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Cavium launches its new 24-core Octeon-TX processor

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May 3, 2016

Cavium said today it's pushing its new ARM architecture over MIPS in its next-generation network processors.

It's a clear sign that more and more serious networking equipment is likely to be ARM-powered rather than MIPS in the near future, industry observers are now saying.

The Octeon-TX family of system-on-chips will use up to twenty-four 64-bit ARM v8 cores taken from Cavium's ThunderX range of server-grade CPUs.

Previous Octeon SoCs have used 64-bit MIPS cores. Founded 15 years ago, San Jose-based Cavium is what's called a 'fabless' semiconductor designer that produces chips for the likes of Cisco, F5, Aruba, Netgear, Nokia Siemens, Juniper, Samsung, LG and several others.

Its Octeon SoCs also turn up in cellphone base stations, and edge and core switches and routers, where MIPS (Microprocessor without Interlocked Pipeline Stages) is a traditional network architecture.

With the Octeon-TX, Cavium has removed MIPS out of Octeon, kept the underlying networking-focused silicon in place, and locked in its server-class ARM ThunderX cores.

It's aiming these chips at storage and data center products, switches, industrial and embedded control systems, security boxes, and virtualized network appliances.

But to be fair, the MIPS architecture hasn't been completely abandoned, however. A spokesman for Cavium told us that the MIPS-based Octeon system-on-chips are still in production-- "The entire MIPS based OCTEON III product family that is in the same technology node, is still in production. We are simply extending the line to include ARM-based SoCs."

But judging from these Cavium slides, the future of Octeon lies in the ability to run established Linux distributions and open-source stacks and right now, Cavium feels ARM is best suited for those jobs.

As Cavium says, the Octeon-TX uses ARM to take advantage of the "rich software ecosystem, extended support of open source applications and virtualization features of the ThunderX family of server processors." Basically, it didn't want to do that on MIPS.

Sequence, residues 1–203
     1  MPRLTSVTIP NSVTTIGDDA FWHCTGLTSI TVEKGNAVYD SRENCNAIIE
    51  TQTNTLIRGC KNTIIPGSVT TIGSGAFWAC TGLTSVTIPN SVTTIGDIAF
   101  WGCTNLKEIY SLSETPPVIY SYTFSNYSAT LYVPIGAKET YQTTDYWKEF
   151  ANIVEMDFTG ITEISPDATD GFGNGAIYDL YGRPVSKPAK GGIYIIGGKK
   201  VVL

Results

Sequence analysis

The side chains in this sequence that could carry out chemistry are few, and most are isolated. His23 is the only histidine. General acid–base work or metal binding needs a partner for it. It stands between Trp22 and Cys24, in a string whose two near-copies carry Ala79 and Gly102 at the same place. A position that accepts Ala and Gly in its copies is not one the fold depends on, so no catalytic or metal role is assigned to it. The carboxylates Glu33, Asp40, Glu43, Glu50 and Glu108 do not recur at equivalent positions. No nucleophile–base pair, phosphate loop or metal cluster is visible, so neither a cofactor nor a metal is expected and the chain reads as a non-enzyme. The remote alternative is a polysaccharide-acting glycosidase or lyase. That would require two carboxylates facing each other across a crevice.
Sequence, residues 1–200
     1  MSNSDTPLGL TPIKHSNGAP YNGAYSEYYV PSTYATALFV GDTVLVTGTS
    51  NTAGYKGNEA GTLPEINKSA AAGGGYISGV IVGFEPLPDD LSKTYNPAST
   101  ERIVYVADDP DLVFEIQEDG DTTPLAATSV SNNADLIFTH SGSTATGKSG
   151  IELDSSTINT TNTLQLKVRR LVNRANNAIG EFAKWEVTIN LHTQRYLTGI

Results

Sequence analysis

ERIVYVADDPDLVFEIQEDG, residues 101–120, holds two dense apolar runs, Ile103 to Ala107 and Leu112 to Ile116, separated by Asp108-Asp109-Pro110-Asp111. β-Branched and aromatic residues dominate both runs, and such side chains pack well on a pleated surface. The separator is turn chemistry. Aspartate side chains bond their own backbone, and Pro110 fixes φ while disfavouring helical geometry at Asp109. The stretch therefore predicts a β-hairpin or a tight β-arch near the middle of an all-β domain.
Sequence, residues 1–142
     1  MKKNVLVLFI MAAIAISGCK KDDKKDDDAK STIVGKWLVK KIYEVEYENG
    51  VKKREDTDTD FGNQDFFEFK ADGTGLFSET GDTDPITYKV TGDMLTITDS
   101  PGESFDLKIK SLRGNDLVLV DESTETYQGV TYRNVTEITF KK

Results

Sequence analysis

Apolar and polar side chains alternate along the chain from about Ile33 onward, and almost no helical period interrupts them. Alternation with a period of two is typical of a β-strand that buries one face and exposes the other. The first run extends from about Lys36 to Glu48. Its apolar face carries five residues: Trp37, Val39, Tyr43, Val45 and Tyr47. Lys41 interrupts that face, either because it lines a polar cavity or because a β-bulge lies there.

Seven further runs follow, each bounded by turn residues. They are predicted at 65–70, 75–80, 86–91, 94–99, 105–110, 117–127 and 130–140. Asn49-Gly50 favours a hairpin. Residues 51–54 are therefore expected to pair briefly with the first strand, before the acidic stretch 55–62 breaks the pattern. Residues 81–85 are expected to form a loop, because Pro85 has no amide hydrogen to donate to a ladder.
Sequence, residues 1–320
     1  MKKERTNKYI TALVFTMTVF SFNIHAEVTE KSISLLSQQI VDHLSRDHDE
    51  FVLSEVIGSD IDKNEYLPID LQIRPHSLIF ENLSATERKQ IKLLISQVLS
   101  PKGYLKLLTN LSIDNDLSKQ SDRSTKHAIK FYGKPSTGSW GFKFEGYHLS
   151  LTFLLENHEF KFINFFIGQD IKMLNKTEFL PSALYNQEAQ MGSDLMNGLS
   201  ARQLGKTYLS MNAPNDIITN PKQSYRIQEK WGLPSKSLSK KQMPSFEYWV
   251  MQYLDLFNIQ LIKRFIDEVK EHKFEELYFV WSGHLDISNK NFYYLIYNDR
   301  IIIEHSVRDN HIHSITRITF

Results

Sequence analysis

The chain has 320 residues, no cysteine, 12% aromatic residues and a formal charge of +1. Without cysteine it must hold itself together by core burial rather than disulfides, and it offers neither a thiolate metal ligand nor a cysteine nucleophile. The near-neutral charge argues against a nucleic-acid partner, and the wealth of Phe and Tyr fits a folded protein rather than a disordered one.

Of course, there is plenty of tried-true-and-tested proprietary MIPS software out there for running base stations and core routers, some will say.

But Cavium's on to the fact that more and more businesses and data centers want to run a mix of closed and open-source software on their networking equipment, and ARM is seen as a better choice than MIPS in this market segment.

And while there's nothing wrong with the MIPS architecture in itself, ARM has a strong momentum behind it right now, plenty of engineers are aware of it, and lots of software is ported to it already.

"Once upon a time you just couldn’t take an embedded processor and run, say, Python on it. It was an issue," said Venkat Sundaresan, director of product line marketing for Cavium's Infrastructure Processor Group.

"With modern ARM cores, all of this is now available," he added. There's also the fact that Cavium wants to bring the server-grade hypervisor features of the ThunderX line into the Octeon mix.

Modern MIPS has virtualization support in hardware, too, but Cavium went with its homegrown ARM-flavored technology anyway.

Source: Cavium Technologies.

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